What is a Hard Tissue Intraoral Exam?
A Hard Tissue Intraoral Exam is a complete cavity check, performed tooth by tooth, and is recorded in a detailed tooth chart. The conditions of the teeth and mouth are documented. Specifically, digital records are kept about:
- Existing work done on the teeth
- Treatments which need to be done
- Positions of teeth
The Dentist will check fracturelines, old fillings, broken teeth, identify congentinally missing teeth, and keep on the lookout for deformed teeth, or teeth with abnormal wear, which may or may not be caused by drifting teeth. Another component of the Hard Tissue Intraoral Exam includes checking for abnormal jaw bone growth.
The Hard Tissue Intraoral Exam is followed by a Soft Tissue Intraoral Exam to maintain a more complete profile of your dental history.
What is a Soft Tissue Intraoral Exam?
The intraoral soft tissue examination includes checking the soft tissues of the mouth, the throat, the tongue and the gums.
Lips and Labial Mucosa
The Soft Tissue Intraoral exam begins with an examination of the lips and the mucosa inside the lips called the labial mucosa. The labial mucosa will be examined by gently turning the lip out. The labial mucosa should appear wet and shiny.
Buccal Mucosa and Vestibular Mucosa
The examination proceeds to the inside of the cheeks, called the buccal mucosa. Two mirrors will be used in a thorough and stepwise process, moving from one side of the mouth to the other.
Hard and Soft Palate, and Throat
The hard palate is the firm area of the roof of the mouth, and the soft palate is the soft area behind the hard palate. The Dentist will examine both areas visually, and shine a light in the throat, to look for anomalies.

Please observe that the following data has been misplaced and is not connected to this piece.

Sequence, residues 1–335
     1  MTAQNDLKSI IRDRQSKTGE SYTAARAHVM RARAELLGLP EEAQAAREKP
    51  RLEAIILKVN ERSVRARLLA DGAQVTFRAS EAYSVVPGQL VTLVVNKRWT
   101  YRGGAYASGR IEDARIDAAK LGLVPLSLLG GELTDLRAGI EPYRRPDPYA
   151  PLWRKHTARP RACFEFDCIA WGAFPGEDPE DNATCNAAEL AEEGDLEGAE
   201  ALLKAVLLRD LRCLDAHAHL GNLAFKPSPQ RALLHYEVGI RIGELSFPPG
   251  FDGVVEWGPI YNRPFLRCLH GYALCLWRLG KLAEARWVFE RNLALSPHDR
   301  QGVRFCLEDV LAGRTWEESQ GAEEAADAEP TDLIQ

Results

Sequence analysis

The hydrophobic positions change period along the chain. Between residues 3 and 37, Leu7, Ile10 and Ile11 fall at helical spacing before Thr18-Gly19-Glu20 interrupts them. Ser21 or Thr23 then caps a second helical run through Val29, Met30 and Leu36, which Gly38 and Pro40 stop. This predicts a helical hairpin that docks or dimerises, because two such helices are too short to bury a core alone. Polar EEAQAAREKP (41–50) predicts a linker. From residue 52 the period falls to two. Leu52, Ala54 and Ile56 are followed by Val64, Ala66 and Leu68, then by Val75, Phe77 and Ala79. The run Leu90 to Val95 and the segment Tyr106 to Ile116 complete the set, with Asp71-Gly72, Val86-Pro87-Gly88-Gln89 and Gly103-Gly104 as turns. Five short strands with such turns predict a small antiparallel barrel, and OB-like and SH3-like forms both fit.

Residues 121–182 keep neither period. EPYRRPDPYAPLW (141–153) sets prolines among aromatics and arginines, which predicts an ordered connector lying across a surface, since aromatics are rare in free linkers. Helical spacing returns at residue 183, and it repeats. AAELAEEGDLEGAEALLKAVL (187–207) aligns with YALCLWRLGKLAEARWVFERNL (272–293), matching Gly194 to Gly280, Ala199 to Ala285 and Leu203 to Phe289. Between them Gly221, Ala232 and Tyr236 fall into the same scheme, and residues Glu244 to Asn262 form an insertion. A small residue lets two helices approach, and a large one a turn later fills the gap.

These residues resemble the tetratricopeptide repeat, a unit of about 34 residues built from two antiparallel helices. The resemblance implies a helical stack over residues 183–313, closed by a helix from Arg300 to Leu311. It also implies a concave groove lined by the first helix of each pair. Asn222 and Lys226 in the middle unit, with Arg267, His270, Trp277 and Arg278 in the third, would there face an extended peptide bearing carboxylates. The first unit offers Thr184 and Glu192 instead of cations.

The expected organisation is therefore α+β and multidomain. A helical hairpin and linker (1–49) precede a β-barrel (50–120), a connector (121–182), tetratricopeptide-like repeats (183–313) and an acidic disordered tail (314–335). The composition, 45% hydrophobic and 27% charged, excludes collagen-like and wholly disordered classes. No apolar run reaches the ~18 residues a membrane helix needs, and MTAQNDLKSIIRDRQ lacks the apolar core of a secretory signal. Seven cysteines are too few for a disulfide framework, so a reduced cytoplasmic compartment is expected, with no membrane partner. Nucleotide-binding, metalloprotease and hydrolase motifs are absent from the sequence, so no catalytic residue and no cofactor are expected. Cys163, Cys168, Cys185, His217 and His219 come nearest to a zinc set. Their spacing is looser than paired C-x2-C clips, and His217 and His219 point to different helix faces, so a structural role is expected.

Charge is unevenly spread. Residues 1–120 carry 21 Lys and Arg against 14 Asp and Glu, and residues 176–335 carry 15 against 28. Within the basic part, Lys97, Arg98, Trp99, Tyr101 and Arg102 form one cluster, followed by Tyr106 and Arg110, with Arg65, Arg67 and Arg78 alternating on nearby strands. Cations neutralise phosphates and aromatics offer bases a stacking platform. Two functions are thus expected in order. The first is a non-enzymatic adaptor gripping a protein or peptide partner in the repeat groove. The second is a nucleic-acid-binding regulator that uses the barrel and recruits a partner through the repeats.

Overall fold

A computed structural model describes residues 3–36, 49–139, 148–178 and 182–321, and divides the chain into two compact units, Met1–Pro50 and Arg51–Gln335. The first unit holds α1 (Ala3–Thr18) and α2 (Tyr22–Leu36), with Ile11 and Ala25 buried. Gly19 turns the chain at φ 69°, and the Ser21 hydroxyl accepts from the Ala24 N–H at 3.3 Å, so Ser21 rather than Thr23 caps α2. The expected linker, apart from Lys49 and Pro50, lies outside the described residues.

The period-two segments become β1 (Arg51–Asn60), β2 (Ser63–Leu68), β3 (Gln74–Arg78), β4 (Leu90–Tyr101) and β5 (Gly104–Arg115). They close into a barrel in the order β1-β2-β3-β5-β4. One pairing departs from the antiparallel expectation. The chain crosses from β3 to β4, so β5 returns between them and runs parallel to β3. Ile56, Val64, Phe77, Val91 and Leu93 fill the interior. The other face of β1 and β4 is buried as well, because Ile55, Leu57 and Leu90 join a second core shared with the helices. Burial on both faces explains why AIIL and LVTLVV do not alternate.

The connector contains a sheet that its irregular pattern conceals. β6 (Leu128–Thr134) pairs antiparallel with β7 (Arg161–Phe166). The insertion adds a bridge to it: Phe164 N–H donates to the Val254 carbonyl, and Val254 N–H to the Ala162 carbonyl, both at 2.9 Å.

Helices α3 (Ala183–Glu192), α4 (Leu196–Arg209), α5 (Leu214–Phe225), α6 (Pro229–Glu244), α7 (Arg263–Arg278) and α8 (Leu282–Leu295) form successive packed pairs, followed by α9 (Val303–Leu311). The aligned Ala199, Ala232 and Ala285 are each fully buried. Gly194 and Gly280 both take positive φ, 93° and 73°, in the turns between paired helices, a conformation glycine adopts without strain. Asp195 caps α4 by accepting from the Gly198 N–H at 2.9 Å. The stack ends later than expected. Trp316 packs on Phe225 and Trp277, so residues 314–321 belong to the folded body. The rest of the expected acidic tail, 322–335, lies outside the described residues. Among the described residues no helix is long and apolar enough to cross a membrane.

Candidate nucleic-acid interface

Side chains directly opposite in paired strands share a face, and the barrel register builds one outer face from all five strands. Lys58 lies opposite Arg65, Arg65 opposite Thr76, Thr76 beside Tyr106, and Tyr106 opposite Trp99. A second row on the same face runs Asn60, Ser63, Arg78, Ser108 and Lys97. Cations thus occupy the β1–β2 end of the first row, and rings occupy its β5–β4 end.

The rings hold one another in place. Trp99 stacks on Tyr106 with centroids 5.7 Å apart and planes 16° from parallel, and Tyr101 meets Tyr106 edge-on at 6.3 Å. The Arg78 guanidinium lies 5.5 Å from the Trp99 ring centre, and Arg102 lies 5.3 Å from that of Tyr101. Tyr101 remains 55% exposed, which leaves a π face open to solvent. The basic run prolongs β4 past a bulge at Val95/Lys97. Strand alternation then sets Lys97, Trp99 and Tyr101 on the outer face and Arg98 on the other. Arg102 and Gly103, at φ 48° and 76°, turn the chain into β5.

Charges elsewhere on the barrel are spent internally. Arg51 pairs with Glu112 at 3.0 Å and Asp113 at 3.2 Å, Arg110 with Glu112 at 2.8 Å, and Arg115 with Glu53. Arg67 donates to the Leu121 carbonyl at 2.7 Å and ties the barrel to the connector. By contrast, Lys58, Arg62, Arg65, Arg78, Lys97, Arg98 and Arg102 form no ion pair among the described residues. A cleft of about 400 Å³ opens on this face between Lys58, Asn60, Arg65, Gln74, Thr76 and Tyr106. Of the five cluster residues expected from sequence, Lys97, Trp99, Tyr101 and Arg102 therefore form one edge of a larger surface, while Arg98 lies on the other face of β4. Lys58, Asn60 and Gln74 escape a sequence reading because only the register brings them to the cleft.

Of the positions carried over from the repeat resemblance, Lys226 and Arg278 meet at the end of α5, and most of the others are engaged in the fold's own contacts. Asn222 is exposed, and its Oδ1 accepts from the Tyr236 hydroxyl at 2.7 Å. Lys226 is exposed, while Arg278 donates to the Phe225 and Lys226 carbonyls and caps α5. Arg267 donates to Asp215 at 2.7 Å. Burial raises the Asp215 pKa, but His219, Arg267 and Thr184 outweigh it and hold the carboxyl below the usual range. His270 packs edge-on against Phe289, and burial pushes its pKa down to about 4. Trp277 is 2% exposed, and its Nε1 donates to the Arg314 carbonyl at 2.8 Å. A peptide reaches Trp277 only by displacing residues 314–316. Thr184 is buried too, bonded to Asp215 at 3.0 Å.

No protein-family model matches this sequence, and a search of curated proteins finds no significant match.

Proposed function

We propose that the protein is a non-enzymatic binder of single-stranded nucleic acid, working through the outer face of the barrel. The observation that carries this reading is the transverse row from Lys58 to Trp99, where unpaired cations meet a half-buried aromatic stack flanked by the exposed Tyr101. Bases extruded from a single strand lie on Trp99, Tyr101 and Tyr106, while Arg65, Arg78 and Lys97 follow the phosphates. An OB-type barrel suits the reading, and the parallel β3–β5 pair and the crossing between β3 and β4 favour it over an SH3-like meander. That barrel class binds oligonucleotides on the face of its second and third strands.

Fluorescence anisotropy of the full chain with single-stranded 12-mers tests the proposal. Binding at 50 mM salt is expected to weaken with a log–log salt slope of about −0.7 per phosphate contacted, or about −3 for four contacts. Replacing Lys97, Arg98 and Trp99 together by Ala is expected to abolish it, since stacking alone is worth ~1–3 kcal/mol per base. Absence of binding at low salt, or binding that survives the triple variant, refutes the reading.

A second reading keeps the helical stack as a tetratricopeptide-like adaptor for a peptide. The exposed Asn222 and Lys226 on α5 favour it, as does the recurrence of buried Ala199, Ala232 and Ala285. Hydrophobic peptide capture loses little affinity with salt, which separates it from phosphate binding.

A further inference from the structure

The top of the tongue will be examined first, followed by the sides of the tongue. The tip of the tongue will be held with a piece of soft gauze and the tongue will be moved gently from one side to the other. The Dentist is looking for swelling or palpated areas, and possibly ulcers. The tissue in this area should be soft. The underside of the tongue will also be examined. Particular attention is paid to the sides of the tongue and the floor of the mouth, as cancers develop in these areas more frequently than on the top of the tongue or the palate. Oral cancers may have the appearance of ulcers, masses, red areas, or white areas.
Floor of Mouth
Now the clinician will examine the floor of the mouth. He or she may feel the saliva glands, which usually feels ropey or lobulated. A salivary stone in this area would feel hard. This examination is not painful, but it is a slightly odd feeling.
Gingiva and Alveolar Mucosa
Finally, the clinician will examine the gums, which are called the gingiva. Healthy gingiva is pink, and regular. Some abnormalities include generalized or localized swelling, redness, ulceration or bleeding. The clinician may also palpate the area over the jaws to check for lumps and bumps. This examination may also reveal tenderness that could be the result of infection or inflammation.